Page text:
Monday, August 14, 2006

Kakadu Part 1: Lions and Tigers and Crocs, Oh My!

Kakadu National Park and Darwin were two of the areas that Brian had missed on his previous trips and he was looking forward to seeing them this time around. Kakadu is an diverse mix of monsoonal rain forests, mangrove forests, billabongs, cliffs and escarpements, ancient and modern aboriginal art, waterfalls, plunge pools and wildlife. Oh...and lots and lots of crocodiles.

As we mentioned in an earlier entry we were a little nervous about this trip with Kakadu Dreams because the company seemed overly geared towards the early-20's party crowd. As we were to find out, this fear was both justified and overblown.

Certainly the eco-tour marketed trip started off poorly when not 35 minutes into the journey we ran straight over a small kangaroo going 60 mph. Ker-thud. Ker-thud. Shocked silence in the back followed by "Steaks tonight, anyone?".

We were even more dismayed to discover a peculiar habit of Chris, our trip leader. He seemed constitutionally incapable of holding a conversation without maintaining eye contact. While that might be viewed as a positive result of a good upbringing, it was a disconcerting (if not downright dangerous) trait while driving a truck down a highway. Not only was he looking sideways at the passenger in the front seat next to him, but he would also frequently turn himself all the way around to talk to the folks in the back. There's nothing like the experience of speeding down a highway with your driver facing backwards to have everyone scrambling for the seatbelts.

Kakadu is a world heritage-listed site not only for its natural beauty, but for its cultural treasures as well. One of our first stops in the park was the Ubirr art site, an area where Aboriginal people have been making rock art for more than a thousand years. While most of the paintings have been dated at less than 1500 years, there is one of a thylacine (or Tasmanian Tiger), an animal that has been extinct on the mainland for 2000 -3000 years. My favorite painting was one of the Mimi spirit figures, but we were equally impressed by the x-ray images of the fish and animals used to teach the children how to hunt and fish.

We enjoyed a couple of other scenic stops and mini-hikes including yet another gorgeous northern territory sunset before heading off to the JimJim campground. After being able to just bush camp in the Outback it was a bit of a bummer to have to be back in a campground. Due to the emergence of large numbers of biting bugs however, we did gratefully accept a tent despite our allegiance to swags. Actually our gratefulness might just have been residual thankfulness at being in one piece. Hurrying to beat the other Kakadu Dreams truck back to the campground in the post-sunset darkness, our fearless leader didn't see that he was approaching a T-junction and the truck and trailer carved a nice skidding arc in the intersection as he turned the corner, occasioning yet another mad rush for seatbelts in the back.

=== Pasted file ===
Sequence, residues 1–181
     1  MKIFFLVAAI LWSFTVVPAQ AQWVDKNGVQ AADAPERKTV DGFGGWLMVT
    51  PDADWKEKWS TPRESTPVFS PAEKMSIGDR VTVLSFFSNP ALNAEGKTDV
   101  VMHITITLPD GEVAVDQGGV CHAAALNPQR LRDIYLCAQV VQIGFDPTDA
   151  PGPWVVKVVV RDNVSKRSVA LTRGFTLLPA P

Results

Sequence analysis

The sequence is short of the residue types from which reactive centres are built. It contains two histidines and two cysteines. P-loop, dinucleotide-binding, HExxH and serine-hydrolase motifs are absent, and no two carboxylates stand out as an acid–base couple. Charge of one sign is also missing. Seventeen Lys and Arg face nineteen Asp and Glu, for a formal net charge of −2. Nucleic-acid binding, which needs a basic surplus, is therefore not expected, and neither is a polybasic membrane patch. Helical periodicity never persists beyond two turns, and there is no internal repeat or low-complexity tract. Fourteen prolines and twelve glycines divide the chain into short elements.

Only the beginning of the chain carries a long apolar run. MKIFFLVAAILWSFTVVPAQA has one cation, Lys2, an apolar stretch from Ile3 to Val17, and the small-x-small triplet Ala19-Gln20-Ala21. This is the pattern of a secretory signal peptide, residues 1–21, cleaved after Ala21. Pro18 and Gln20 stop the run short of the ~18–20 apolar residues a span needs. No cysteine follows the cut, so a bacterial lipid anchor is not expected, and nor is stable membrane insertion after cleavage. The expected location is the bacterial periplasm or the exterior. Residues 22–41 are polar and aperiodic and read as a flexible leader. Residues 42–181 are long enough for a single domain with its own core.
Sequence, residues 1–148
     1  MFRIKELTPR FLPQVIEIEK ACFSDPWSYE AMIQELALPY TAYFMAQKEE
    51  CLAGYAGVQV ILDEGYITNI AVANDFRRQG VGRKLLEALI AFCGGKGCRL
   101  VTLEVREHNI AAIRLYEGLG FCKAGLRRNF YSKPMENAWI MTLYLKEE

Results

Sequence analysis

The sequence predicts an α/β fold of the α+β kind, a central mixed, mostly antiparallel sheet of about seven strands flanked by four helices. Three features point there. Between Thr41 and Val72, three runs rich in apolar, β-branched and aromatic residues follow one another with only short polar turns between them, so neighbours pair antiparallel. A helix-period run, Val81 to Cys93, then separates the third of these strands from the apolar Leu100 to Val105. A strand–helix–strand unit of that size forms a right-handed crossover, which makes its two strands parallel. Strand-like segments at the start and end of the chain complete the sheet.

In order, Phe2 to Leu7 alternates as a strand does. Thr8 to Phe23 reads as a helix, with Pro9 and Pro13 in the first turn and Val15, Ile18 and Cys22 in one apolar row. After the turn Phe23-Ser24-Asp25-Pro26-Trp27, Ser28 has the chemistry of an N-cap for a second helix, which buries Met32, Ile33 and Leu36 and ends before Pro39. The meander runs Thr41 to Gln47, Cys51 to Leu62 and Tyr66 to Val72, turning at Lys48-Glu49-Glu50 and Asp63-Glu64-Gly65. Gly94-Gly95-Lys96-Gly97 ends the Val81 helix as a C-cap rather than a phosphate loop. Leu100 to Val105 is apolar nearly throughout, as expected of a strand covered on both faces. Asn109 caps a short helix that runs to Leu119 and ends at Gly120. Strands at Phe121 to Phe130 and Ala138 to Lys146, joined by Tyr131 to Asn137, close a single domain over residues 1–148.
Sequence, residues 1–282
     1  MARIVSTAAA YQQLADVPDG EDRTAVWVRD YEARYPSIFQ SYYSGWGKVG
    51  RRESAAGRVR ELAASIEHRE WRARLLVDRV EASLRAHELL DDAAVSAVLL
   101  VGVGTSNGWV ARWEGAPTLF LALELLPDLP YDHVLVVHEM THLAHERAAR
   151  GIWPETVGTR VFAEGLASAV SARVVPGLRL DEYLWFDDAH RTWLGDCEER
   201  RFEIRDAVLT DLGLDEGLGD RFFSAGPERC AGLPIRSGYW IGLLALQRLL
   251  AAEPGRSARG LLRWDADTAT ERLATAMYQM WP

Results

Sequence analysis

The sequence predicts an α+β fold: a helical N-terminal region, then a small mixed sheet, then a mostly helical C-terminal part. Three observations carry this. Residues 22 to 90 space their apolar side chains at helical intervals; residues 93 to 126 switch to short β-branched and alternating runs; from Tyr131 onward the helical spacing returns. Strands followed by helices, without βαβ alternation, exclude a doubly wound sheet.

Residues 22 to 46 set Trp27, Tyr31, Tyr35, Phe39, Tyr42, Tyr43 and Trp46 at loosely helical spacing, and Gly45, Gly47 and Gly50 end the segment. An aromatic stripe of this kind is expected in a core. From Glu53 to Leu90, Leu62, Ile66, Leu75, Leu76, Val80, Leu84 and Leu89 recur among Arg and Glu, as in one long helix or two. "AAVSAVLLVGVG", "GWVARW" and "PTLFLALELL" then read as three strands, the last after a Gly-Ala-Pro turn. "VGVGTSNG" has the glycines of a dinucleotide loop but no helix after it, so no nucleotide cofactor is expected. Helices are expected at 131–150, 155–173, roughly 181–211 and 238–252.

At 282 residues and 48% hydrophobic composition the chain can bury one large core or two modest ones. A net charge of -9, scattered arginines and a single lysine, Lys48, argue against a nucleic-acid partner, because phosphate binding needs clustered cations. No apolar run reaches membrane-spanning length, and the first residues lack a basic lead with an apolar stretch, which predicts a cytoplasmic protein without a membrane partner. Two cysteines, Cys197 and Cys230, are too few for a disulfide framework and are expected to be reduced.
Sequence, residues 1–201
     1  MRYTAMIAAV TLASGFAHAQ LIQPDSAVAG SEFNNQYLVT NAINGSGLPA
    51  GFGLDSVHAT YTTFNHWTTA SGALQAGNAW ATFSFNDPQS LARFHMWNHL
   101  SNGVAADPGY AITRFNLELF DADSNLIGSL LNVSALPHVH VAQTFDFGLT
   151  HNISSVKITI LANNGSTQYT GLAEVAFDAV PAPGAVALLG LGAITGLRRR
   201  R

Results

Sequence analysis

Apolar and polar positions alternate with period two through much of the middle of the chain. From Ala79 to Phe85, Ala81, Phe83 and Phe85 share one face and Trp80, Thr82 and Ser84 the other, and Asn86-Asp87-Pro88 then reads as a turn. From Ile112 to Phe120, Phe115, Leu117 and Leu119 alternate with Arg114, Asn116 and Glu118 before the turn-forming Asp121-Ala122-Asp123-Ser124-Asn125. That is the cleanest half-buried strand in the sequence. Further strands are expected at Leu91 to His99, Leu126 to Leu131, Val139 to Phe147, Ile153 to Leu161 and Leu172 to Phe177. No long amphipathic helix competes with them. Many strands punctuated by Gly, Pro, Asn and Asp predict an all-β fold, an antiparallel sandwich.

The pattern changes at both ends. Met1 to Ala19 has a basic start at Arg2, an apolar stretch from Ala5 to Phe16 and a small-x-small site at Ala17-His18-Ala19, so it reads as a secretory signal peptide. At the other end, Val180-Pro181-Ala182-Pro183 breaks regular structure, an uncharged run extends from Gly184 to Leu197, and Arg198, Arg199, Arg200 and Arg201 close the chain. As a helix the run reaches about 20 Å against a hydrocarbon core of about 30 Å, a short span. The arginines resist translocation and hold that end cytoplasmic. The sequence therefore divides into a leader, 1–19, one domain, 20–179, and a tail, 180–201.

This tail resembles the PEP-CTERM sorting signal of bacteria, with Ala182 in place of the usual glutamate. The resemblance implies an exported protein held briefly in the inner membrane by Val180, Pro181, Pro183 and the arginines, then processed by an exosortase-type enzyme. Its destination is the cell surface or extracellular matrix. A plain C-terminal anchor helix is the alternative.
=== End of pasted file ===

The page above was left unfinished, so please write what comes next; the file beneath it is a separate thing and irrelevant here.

After dinner we did a brief nature walk. Chris showed us how spiders' eyes reflect back blue light and allow you to find them in the dark. It was actually pretty disturbing to see how many lights were out there shining back at us, and Brian and I were glad we'd changed from our sandals to shoes. After that, we went in search of something a little bigger. Walking over to the billabong next to our campground he started systematically moving his big flashlights back and forth across the water surface. Eventually our patience was rewarded when two much larger red dots reflected back at us. Crocodile! It was a little creepy to watch it silently glide across the water's surface and then submerge. And even creepier thinking how close this was to our campsite. (That tent was looking better and better by the minute).

This wasn't our first encounter with crocs on the trip though. We actually started out the weekend by going on an AMAZING JUMPING CROC CRUISE [sounds better said with the monster truck announcer guy's voice]. This involved getting in a boat and cruising up and down the East Alligator River (the early explorers had their reptile taxonomy a little confused...) and watching the scarily numerous crocs sunning themselves on the bank or floating in the river while listening to painfully inane commentary.

From time to time a croc (recognizing that this was the snack-mobile) would approach the boat and a crewmember would dangle a hunk of buffalo meat over the side. The idea was to lift the meat just as the croc lunged, causing it to jump out of the water for better photo ops and tourist viewing. While cheesy, it was also very impressive. One of the crocs in particular was huge and gave a great menancing eye as he floated next to our water-level seats. (Let's just say that this was one river you would NOT want to fall into). All in all, the experience left us with a greater respect for (not to mention fear of) the animals, though I have to agree with a lady we met later who said she wouldn't patronize those tours as she "didn't believe it was a good idea to train crocodiles to jump".

More adventures to come from Kakadu as our internet time allows...


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